By Le Bellac M.

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**Sample text**

Comparison of the distribution of the concentrations in the different parts of the space domain with the distribution of related emissions can give us some qualitative estimation of the reliability of the results. Comparing the results in Fig. 1 with the distribution of the NOX emissions in Europe (the distribution of the NOX emissions in Europe can be seen in upper right-hand-side plot in Fig. 2; see also Bastrup-Birk et al. [18], [19]) we can conclude that DEM is producing highest levels of the nitrogen dioxide pollution precisely in the parts of the space domain where the NOX emissions are highest, and in the large European cities (which are in general also big sources of NOX emissions), the levels of the nitrogen dioxide pollution is also high.

Monte Carlo techniques were used in Dimov and Zlatev [74] in order to find the rate coefficients to the variation of which the model results are most sensitive, and to study in a more systematic way the variation of the model results caused by random variations in a prescribed range of the selected rate coefficients. A simple box-model (one grid-point only and no other processes except the chemical reactions) is quite sufficient in the first part. The second part is much more complicated, because it requires a large number of runs of the whole air pollution model.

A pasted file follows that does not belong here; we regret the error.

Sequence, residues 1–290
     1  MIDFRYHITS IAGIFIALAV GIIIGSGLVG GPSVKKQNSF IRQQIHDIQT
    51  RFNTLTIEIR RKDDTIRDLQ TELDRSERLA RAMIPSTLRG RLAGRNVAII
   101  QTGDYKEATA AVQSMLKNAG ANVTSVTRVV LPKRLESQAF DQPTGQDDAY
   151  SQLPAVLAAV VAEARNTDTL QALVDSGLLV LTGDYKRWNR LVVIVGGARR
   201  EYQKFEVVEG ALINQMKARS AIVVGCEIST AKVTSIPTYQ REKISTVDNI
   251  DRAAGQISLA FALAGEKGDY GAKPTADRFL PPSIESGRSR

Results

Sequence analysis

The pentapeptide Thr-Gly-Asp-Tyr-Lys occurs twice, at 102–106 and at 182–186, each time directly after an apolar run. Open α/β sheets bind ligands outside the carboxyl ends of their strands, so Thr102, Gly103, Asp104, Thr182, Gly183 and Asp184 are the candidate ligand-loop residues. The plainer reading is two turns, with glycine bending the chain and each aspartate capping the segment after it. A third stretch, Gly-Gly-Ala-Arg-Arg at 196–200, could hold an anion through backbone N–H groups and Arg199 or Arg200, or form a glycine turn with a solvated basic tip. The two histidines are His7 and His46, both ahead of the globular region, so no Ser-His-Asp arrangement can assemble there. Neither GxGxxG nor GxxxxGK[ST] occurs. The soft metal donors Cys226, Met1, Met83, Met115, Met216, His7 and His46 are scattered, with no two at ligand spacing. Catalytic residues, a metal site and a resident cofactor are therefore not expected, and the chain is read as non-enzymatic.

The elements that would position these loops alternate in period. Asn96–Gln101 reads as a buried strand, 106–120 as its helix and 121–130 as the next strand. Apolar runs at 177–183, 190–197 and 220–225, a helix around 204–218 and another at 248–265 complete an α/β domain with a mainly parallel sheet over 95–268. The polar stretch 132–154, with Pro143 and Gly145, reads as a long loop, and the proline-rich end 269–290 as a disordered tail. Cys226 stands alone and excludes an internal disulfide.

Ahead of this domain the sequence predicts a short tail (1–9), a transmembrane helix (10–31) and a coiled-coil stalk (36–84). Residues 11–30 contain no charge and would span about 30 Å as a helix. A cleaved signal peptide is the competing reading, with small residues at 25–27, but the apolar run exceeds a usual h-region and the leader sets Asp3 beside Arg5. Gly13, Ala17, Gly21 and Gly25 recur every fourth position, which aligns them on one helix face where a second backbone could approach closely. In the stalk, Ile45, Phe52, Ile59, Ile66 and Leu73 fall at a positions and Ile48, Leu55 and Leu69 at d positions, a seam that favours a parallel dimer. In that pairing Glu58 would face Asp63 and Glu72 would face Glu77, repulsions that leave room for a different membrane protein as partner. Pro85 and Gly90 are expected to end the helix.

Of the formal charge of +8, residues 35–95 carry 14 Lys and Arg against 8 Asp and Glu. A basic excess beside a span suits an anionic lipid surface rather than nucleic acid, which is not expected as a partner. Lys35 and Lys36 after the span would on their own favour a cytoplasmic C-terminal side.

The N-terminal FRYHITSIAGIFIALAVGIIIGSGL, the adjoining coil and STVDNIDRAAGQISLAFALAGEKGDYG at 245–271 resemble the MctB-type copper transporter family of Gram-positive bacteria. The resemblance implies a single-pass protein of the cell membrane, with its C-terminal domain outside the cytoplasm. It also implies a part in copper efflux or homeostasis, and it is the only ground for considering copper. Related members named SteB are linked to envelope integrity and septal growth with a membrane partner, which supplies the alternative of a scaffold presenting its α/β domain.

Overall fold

Of course, quantitative correctness of the model results is the most desirable property of an air pollution model. Most of the unresolved problems become immediately visible when one attempts to validate quantitatively the model results. The best that we can do at present (in the attempts to validate quantitatively the model results) is to compare model results with measurements taken at representative measurement stations located in different parts of the space domain. There are two major ways to present the results which are obtained when calculated by the model concentrations are compared with corresponding measurements.